Pneumologie 2017; 71(S 01): S1-S125
DOI: 10.1055/s-0037-1598544
Posterbegehung – Sektion Klinische Pneumologie
COPD II – Timm Greulich/Marburg, Barbara Wagener/Ballenstedt
Georg Thieme Verlag KG Stuttgart · New York

Assessing COPD profiles and outcomes by dyspnoea severity

A Anzueto
1  Pulmonary/Critical Care, University of Texas Health Science Center, and South Texas Veterans Health Care System
PMA Calverley
2  Clinical Science Center, Institute of Ageing and Chronic Disease, University of Liverpool
RA Wise
3  Division of Pulmonary and Critical Care Medicine, Department of Medicine, Johns Hopkins University School of Medicine
A Mueller
4  Biostatistics and Data Sciences Europe, Boehringer Ingelheim Pharma GmbH & Co. KG
N Metzdorf
5  Respiratory Medicine, Boehringer Ingelheim Pharma GmbH & Co. KG
D Dusser
6  Department of Pneumology, Hôpital Cochin, Université Paris Descartes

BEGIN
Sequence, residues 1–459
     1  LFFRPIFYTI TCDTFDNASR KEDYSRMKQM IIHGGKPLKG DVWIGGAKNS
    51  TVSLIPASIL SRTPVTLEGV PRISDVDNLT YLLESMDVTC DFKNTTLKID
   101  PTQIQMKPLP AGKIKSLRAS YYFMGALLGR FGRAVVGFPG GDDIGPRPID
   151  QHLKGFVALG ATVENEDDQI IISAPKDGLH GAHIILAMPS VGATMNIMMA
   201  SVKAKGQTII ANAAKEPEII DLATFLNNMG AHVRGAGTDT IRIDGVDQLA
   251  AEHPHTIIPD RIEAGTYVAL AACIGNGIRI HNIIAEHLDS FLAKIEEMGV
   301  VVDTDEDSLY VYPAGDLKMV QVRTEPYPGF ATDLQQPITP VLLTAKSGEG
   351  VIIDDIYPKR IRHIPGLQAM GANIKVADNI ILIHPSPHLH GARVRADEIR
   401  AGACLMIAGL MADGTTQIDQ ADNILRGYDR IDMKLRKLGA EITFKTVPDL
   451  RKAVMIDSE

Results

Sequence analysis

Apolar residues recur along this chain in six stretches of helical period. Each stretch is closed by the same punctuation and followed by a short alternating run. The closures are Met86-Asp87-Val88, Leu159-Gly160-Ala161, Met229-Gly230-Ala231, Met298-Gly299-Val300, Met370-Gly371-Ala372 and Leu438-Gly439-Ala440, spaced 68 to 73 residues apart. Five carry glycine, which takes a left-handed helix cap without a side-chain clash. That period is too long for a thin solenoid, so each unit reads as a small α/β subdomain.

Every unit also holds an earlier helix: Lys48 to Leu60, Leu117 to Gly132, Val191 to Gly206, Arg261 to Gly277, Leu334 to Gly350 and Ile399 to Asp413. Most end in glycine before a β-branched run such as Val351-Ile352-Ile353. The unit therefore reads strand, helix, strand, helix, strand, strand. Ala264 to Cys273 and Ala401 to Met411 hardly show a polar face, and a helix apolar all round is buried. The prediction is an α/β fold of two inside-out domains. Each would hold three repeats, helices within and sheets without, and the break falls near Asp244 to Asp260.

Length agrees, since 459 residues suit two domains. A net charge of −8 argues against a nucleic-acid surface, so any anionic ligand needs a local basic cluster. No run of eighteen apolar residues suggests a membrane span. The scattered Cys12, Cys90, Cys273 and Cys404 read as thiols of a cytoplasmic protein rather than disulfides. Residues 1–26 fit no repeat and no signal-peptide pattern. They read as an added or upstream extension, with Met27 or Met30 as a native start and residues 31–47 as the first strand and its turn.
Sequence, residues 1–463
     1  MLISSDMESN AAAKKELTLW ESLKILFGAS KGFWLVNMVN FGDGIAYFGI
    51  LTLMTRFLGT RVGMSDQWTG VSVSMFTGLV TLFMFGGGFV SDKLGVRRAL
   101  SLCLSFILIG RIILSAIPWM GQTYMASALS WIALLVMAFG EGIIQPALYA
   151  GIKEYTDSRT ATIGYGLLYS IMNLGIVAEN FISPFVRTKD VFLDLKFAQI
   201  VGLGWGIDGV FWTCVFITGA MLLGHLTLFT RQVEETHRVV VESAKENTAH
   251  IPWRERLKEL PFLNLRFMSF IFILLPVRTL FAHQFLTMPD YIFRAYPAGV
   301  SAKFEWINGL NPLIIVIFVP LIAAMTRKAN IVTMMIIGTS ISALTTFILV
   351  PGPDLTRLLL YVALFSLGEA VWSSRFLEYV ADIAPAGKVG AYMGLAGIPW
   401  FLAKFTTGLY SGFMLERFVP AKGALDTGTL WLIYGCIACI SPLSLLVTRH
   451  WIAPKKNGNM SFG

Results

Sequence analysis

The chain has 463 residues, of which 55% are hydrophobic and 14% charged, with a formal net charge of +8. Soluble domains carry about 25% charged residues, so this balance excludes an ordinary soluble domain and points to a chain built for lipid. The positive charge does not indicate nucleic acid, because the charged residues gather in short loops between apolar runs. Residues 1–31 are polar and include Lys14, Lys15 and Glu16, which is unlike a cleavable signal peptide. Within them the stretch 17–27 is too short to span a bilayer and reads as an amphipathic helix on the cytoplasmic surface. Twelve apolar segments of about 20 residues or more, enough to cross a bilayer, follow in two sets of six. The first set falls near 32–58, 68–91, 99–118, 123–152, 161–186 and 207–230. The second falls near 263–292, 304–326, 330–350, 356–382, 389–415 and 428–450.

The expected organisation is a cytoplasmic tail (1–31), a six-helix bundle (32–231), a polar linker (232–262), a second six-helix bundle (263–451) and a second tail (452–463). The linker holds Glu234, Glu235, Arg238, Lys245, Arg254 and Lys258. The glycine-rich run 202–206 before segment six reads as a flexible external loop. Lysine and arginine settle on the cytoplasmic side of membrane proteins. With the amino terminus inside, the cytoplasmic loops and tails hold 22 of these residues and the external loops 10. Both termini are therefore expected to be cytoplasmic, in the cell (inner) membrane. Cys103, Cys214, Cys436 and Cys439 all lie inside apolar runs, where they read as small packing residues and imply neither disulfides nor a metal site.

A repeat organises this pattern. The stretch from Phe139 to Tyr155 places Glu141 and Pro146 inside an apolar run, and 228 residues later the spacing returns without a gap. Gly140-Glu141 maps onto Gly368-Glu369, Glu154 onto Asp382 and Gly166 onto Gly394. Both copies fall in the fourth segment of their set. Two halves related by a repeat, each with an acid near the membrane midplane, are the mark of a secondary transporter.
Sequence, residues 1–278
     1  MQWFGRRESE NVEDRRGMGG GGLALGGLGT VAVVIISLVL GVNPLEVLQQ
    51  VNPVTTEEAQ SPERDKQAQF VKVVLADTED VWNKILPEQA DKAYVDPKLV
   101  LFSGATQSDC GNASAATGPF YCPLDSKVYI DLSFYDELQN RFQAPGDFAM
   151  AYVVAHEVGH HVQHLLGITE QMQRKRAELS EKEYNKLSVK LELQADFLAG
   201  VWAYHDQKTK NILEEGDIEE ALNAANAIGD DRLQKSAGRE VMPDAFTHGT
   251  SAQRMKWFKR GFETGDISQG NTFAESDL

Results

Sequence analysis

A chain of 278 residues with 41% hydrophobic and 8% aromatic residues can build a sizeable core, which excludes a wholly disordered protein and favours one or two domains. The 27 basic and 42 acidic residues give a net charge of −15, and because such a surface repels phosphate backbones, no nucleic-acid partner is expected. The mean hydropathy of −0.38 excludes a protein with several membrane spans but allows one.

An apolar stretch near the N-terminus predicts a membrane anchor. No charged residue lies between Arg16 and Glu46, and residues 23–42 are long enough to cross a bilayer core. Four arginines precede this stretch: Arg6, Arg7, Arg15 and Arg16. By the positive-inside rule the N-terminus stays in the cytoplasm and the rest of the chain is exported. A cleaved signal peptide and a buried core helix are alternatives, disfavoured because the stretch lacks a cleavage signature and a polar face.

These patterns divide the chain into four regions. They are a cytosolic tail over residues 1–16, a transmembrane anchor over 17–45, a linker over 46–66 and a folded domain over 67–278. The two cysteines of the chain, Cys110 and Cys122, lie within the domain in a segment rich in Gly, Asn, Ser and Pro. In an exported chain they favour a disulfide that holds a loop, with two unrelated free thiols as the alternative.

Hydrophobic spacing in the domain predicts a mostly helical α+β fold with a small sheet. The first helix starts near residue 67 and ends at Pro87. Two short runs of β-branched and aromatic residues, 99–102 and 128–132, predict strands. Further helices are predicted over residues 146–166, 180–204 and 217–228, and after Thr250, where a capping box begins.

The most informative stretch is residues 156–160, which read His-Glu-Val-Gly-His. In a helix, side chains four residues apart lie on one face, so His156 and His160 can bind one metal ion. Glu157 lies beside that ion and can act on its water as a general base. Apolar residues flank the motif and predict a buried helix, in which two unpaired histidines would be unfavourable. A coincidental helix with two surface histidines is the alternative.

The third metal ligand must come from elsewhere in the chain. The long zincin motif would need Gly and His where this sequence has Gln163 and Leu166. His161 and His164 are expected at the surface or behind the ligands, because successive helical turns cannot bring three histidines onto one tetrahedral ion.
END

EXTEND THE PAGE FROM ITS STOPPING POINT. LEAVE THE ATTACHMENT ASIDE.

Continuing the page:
› Author Affiliations
Further Information

Publication History

Publication Date:
23 February 2017 (online)



Dyspnoea is one of the most common symptoms in chronic obstructive pulmonary disease (COPD) and has been associated with poor clinical outcomes.

Aims and objectives:

To investigate relationships between dyspnoea severity, baseline characteristics and outcomes in patients with COPD.


Data from two 1-year, randomized trials (NCT00168844; NCT00168831) of tiotropium Respimat® 5 µg and placebo were pooled. This retrospective analysis assessed characteristics and outcomes of patients by Baseline Dyspnea Index score.


Of 1317 patients, 337 (26%) had mild or no dyspnoea at baseline, 743 (56%) moderate dyspnoea and 237 (18%) severe dyspnoea. Baseline demographic characteristics were similar across dyspnoea categories. However, higher levels of dyspnoea correlated with more advanced COPD (GOLD Stage), and greater use of short-acting bronchodilators and inhaled corticosteroids. Patients with severe dyspnoea reported more exacerbations within the past year. Increasing dyspnoea at baseline correlated with greater risk of moderate-severe (P= 0.0005) and severe (P= 0.0198) exacerbations during the study. Tiotropium reduced moderate-severe exacerbation risk and significantly improved FEV1 and FVC across all dyspnoea categories.


Patients with more severe dyspnoea had more advanced COPD, and a higher risk of exacerbation. Tiotropium improved outcomes regardless of baseline dyspnoea severity.

Content already presented at ERS congress 2016